CICLOPS: Cassini Imaging Central Laboratory for OPerationS

Enceladus "Rev 91" Flyby Raw Preview #1
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Enceladus "Rev 91" Flyby Raw Preview #1
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  This image was taken during Cassini's close flyby with Enceladus on Oct. 31, 2008.

The image was with the Cassini spacecraft narrow-angle camera on Oct. 31, 2008 at a distance of approximately 16,000 kilometers (10,000 miles) from Enceladus and at a Sun-Enceladus-spacecraft, or phase, angle of 73 degrees. Image scale is 186 meters (611 feet) per pixel.


The Cassini Equinox Mission is a joint United States and European endeavor. The Jet Propulsion Laboratory, a division of the California Institute of Technology in Pasadena, manages the mission for NASA's Science Mission Directorate, Washington, D.C. The Cassini orbiter was designed, developed and assembled at JPL. The imaging team consists of scientists from the US, England, France, and Germany. The imaging operations center and team lead (Dr. C. Porco) are based at the Space Science Institute in Boulder, Colo.

For more information about the Cassini Equinox Mission visit http://ciclops.org, http://www.nasa.gov/cassini and http://saturn.jpl.nasa.gov.

Credit: NASA/JPL/Space Science Institute
Released: November 1, 2008
Image/Caption Information


Alliance Member Comments
Dragon_of_Luck_Mah_Jonng1971 (Nov 5, 2008 at 3:13 PM):
My opinion is: The very latest surface history ( by geological terms ) is 'written' on Enc's surface of this picture. The 2008 Halloween flyby identified some of the known jet sources which I think was a difficult work. Congratulations to the Cassini team for these identifications ! Most probable I think the jets erupt from the bottom of young, deep 'sulci' .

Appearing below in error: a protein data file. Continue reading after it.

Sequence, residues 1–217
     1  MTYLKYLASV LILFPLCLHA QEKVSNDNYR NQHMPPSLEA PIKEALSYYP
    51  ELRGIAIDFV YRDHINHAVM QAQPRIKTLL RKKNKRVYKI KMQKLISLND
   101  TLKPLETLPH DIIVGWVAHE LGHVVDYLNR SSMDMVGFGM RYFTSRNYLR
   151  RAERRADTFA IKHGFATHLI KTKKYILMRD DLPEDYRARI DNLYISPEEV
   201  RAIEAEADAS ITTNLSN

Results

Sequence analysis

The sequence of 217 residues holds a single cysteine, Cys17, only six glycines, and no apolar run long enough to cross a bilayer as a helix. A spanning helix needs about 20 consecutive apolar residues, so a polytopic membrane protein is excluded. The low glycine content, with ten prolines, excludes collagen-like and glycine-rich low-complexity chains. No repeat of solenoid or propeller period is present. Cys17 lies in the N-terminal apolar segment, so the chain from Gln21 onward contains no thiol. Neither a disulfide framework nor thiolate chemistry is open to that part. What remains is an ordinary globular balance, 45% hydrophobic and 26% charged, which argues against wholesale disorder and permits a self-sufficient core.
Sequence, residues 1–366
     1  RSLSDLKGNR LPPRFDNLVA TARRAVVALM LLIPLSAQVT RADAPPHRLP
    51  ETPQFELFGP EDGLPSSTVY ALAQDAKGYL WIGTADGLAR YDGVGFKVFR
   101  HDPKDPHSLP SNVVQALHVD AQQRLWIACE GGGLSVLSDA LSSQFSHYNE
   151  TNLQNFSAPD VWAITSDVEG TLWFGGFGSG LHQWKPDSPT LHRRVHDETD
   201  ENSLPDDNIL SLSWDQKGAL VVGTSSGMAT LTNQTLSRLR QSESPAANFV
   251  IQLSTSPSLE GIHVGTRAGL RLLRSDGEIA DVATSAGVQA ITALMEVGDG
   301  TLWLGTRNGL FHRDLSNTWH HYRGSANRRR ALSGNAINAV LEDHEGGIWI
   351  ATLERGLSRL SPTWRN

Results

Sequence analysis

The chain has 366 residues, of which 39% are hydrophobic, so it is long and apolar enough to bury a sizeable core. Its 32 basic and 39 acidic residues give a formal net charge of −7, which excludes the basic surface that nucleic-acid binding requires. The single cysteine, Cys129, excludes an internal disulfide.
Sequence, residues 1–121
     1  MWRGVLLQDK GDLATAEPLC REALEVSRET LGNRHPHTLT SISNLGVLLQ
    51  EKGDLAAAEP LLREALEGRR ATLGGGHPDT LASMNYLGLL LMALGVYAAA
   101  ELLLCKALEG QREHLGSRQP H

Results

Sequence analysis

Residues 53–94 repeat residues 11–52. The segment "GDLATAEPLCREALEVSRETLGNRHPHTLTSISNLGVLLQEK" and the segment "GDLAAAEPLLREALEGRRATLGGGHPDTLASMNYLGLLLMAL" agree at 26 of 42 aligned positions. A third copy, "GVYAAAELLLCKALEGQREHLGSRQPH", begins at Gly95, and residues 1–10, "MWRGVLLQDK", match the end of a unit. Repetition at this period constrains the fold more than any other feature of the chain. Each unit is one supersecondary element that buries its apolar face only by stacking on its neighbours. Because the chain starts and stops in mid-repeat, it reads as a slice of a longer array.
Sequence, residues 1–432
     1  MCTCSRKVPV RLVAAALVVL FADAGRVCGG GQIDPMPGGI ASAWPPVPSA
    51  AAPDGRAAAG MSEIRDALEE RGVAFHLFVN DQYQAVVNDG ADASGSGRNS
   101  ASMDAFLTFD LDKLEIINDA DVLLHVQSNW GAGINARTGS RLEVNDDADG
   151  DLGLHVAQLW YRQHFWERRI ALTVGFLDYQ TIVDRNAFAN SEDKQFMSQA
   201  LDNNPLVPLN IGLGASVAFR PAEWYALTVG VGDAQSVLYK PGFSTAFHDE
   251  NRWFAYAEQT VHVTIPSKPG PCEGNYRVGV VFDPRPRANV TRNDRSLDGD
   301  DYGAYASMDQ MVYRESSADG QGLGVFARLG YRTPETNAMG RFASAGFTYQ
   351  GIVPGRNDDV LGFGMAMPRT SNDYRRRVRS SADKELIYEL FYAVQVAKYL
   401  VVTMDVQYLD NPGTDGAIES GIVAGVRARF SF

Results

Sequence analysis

Now I think we can already 'read' some of this history from the surface.

And just a few days after this encounter Cassini is speeding to Titan for a very important encounter.
balrog (Nov 1, 2008 at 3:21 PM):
Congratulation once again on a successful flyby..looking forward to seeing more images of this fascinating satallite.
LOONYMAN (Nov 1, 2008 at 12:36 PM):
Good work again team.......Big respect from over the pond here in Sweden!!!
Red_dragon (Nov 1, 2008 at 11:04 AM):
Weeeeell done!!. Although the image is a bit "corrupted", it's a really tantalizing one. Congratulations to CICLOPS as well -of course- to the Nav team for having made this possible despite it was challenging (read the T46 PDF to see the reasons in: http://saturn.jpl.nasa.gov/multimedia/products/pdfs/20081103_titan_mission_description.pdf)

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